Understanding The Concepts of Bali Architecture


Bali architecture comes from an exotic location where few people wouldn’t want to escape, and it is a unique and almost mystical blend of vibrant colors, natural materials, and fine craftsmanship. Aesthetics and ideologies, which originated on the “island of the gods,” are thriving in many beautiful homes and places all over the world.

Bali architecture

Due in large part to Bali’s booming tourism industry, which has increased demand for homes, hotels, cottages, and villas in the Balinese style, the contemporary Balinese style is currently regarded as one of the most popular tropical Asian architectural styles. The legendary artistry and craftsmanship of its people, the wealth of natural materials on the island, and traditional aesthetic principles. As well as influences from other countries, new methods, and fashions, are all combined in contemporary Bali architecture design.

The Concepts of Bali Architecture

This building’s concepts are based on Hinduism, spatial planning, and social ties that are built on communities. These 7 concepts serve as the foundation of a Balinese-designed structure:

Tri Hita Kirana

The concept with traditional meaning for Bali island life. The literal translations are “Conditions for happiness” or “Three elements with well”. The following three causes are mentioned in the principle:

  • Harmony with God
  • Harmony between people
  • Harmony with environment

Tri Mandala

The guidelines for zoning and space division. Three separate realms are described by the tri mandala spatial concept:

  • Nista Mandala, the outer and lower common less-sacred region is known.
  • Madya Mandala, the middle region.
  • Utama Mandala, The inner and most significant sacred area is known.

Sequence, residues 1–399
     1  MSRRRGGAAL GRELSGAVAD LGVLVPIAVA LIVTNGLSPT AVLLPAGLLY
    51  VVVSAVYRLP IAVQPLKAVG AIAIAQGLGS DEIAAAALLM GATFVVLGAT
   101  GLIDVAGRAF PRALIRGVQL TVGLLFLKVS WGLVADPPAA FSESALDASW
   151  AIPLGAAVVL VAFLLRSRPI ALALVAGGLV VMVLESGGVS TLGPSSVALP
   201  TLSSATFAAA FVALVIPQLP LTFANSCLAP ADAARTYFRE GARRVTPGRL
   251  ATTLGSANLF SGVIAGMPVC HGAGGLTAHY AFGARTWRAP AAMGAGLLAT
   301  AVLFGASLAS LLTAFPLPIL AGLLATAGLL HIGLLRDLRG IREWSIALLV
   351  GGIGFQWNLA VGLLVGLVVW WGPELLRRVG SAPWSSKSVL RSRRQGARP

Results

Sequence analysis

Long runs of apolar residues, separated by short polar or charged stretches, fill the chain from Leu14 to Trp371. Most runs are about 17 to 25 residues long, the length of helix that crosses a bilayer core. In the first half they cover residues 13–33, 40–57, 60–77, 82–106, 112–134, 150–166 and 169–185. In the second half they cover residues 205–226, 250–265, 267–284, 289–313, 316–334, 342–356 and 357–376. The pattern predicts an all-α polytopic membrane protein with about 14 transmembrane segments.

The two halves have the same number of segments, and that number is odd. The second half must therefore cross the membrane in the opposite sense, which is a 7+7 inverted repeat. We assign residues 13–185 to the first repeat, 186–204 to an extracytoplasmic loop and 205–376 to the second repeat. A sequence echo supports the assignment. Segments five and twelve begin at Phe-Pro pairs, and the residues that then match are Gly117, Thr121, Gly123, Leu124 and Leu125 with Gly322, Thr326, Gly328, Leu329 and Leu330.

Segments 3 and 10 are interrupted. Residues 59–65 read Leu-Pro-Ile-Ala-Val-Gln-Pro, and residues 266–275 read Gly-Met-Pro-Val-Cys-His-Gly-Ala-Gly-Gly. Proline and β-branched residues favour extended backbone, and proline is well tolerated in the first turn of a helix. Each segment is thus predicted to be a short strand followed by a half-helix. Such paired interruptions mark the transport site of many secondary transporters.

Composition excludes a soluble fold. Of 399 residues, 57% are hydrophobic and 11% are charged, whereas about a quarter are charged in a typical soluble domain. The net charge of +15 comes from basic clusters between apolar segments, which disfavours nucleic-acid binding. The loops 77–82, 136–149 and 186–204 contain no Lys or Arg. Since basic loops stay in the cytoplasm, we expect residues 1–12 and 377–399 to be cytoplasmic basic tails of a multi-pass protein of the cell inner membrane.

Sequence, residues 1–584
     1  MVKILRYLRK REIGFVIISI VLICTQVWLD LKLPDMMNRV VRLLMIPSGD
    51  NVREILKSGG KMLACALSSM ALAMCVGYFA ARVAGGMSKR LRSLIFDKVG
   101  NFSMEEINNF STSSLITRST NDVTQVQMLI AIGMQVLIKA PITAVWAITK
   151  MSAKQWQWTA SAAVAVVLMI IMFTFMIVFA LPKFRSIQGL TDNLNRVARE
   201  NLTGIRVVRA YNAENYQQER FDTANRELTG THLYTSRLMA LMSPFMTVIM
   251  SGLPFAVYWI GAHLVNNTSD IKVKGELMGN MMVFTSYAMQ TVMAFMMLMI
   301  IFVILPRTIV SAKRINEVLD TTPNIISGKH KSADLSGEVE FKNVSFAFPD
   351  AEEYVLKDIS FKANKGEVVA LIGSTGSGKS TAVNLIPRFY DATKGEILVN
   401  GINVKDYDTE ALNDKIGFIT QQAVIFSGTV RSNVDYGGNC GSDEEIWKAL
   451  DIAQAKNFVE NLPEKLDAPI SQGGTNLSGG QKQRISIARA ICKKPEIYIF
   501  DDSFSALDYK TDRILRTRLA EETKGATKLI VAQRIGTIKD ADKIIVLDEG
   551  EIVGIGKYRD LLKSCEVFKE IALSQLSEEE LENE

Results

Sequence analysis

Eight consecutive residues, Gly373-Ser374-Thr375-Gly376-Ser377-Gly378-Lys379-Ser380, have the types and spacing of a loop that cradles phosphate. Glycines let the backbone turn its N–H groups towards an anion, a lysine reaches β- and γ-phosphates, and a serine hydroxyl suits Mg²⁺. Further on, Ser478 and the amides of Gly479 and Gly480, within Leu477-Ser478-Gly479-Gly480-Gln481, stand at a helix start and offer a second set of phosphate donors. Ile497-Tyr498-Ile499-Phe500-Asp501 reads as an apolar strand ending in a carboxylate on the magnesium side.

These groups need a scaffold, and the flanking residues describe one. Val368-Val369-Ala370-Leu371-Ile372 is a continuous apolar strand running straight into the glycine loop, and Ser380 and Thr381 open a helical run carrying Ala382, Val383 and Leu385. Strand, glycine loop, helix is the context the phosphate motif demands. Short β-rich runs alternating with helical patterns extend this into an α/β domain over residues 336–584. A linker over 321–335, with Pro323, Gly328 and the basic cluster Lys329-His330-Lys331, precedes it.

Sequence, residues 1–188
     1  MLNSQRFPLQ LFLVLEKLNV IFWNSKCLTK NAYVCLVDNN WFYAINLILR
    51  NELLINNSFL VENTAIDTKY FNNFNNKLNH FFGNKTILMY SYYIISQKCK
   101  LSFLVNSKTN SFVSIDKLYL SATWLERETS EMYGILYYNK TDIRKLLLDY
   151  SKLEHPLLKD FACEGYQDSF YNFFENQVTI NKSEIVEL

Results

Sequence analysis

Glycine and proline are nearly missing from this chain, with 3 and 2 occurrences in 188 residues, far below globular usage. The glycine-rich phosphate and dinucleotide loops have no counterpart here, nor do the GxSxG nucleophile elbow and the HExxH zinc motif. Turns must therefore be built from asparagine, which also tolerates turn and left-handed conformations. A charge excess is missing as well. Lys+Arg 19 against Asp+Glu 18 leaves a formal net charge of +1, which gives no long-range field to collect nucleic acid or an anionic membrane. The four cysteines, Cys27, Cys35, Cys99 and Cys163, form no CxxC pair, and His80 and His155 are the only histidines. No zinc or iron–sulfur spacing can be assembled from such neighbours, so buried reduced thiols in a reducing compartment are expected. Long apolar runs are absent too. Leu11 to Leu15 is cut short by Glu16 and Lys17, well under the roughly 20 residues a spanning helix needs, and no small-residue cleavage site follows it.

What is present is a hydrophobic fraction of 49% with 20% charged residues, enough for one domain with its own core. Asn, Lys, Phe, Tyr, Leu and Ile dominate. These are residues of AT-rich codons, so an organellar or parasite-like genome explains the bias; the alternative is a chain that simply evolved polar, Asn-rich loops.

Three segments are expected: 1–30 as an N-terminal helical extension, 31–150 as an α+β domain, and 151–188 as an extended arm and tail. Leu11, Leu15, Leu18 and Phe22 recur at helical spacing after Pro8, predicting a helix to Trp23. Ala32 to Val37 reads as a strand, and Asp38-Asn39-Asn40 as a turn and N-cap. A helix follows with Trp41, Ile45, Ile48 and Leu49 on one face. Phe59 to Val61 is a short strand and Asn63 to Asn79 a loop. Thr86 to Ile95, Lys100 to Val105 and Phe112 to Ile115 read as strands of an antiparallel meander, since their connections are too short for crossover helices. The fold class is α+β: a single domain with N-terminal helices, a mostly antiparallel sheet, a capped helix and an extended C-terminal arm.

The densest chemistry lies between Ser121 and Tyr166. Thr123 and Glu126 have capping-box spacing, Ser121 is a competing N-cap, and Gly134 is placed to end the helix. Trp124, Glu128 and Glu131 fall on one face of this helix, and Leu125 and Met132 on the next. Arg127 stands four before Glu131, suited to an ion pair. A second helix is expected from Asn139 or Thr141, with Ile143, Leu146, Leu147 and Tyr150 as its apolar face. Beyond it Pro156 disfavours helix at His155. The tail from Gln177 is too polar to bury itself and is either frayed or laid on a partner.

Sanga Mandala

The zoning and division of space regulations. The Sanga Mandala is a geographic concept that splits an area into nine sections based on the eight principal cardinal directions and the center (zenith). These nine cardinal directions are related to the Hindu concept of Dewata Nawa Sanga, or the nine guardian gods of the directions, who are shown in the Surya Majapahit emblem of the Majapahit Empire. They do:

  • Center: Shiva
  • East: Isvara
  • West: Mahadeva
  • North: Vishnu
  • South: Brahma
  • Northeast: Sambhu
  • Northwest: Sangkara
  • Southeast: Mahesora
  • Southwest: Rudra.

Angga Tri

The idea behind hierarchy is:

  • Microcosm, refers to the small order or small universe, a historical theory that suggested that humans and other living things have structural similarities
  • Middle sphere
  • Macrocosm, refers to the large order or the great universe, a historical theory that suggested that human beings and other living things have structural similarities

Tri Loka

Another term for the idea of hierarchy among the three realms:

  • (Sanskrit: bhurloka), Lower realm of animals and devils
  • (Sanskrit:bhuvarloka), The human intermediate realm
  • (Sanskrit: svarloka), Upper realms of gods and goddesses

Asta Kosala Kosali

The eight rules for architectural designs, include the forms of niyasa (symbols) in pelinggih (shrine) and pepalih (stages). As well as their measuring units, shapes, and sizes, and specify the proper ornament.

Kaja Kelod or Arga Segar

The mystical axis is between Arga or Kaja ( mountains) and Segara or Kelod (sea). The sea is said to be the domain of sea monsters and demons. Whereas the center plain in between is where humans live. Mountains are thought to be the parahyangan, the home of Hyang or gods.